What We're Reading Now: Exotic Travel Essays and Rebecca Solnit

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Rebecca Solnit continues to be one of San Francisco's literary treasures, as her new collection, Encyclopedia of Trouble and Spaciousness, amply illustrates. There are a whopping 29 essays in the book, touching on a range of topics from the political (Occupy, climate change, Arab Spring) to the historical (who did Henry David Thoreau's laundry?) to the personal (travelogues from Iceland and Haiti). Poetic, thoughtful, and prolific, Solnit will leave you with plenty of new interests and questions by the end of this encyclopedic (and appropriately titled) work.


Appearances: December 7 at City Lights

If grim winter weather has you itching to book a plane ticket somewhere sultry and foreign, consider picking up the inspiring An Innocent Abroad, a new collection of travel essays put out by Oakland-based guide gurus Lonely Planet. 35 writers share the travel experiences that forever changed them, including such notables as Ann Patchett, Cheryl Strayed, Dave Eggers, Jane Smiley, Richard Ford, and Pico Iyer. To celebrate the book's release, editor Don George and six of the book's contributors will read from their contributions at Book Passage this week.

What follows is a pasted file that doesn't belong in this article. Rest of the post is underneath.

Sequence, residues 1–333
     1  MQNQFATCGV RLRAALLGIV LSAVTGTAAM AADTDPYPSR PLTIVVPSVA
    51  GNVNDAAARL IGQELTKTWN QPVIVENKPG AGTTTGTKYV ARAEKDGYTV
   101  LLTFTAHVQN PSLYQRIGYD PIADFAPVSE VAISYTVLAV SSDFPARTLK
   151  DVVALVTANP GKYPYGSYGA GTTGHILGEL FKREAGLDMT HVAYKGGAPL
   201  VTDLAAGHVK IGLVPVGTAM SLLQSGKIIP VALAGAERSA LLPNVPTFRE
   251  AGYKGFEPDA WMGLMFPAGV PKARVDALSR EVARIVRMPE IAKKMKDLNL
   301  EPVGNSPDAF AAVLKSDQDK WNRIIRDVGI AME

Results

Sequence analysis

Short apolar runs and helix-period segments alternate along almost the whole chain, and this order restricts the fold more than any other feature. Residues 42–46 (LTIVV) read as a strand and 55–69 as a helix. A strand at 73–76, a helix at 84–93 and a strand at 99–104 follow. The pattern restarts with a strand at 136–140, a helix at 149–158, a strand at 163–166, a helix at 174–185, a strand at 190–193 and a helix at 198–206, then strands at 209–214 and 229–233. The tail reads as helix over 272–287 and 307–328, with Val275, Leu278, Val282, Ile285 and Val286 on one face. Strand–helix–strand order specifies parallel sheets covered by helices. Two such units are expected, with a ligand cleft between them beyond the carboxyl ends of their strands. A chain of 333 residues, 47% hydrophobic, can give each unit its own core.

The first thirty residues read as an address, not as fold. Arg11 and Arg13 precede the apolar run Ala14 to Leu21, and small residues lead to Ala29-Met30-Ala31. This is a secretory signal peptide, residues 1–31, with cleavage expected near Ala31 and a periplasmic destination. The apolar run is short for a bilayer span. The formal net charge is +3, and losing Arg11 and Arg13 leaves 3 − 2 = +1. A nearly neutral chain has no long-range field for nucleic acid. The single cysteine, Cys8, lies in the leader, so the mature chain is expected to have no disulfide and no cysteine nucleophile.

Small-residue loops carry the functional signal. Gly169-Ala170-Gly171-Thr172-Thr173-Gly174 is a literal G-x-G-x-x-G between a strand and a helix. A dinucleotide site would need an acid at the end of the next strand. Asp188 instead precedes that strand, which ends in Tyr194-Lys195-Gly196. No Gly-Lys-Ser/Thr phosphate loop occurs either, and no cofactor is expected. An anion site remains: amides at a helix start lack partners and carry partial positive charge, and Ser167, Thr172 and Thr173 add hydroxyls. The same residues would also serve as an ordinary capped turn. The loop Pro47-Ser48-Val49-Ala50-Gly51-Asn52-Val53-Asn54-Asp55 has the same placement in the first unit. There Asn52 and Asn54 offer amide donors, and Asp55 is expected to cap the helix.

Appearances: December 13, Book Passage Corte Madera

Irish novelist Colm Toibin (Brooklyn, The Master, The Testament of Mary) has been on a hot streak lately, and his new novel Nora Webster continues the line of awesome reads. The titular protagonist is a grief-stricken widow in late-'60s Ireland, so bereft after the loss of her beloved husband that she can't seem to accept anyone's help—or help her own children, who are struggling. But it's not a downer: instead, it explores how we can overcome what seems impossible, find our way back, and discover what really moves us (in Nora's case, music). It's a moving and humane book. 

Appearances: December 4, Books Inc. Castro

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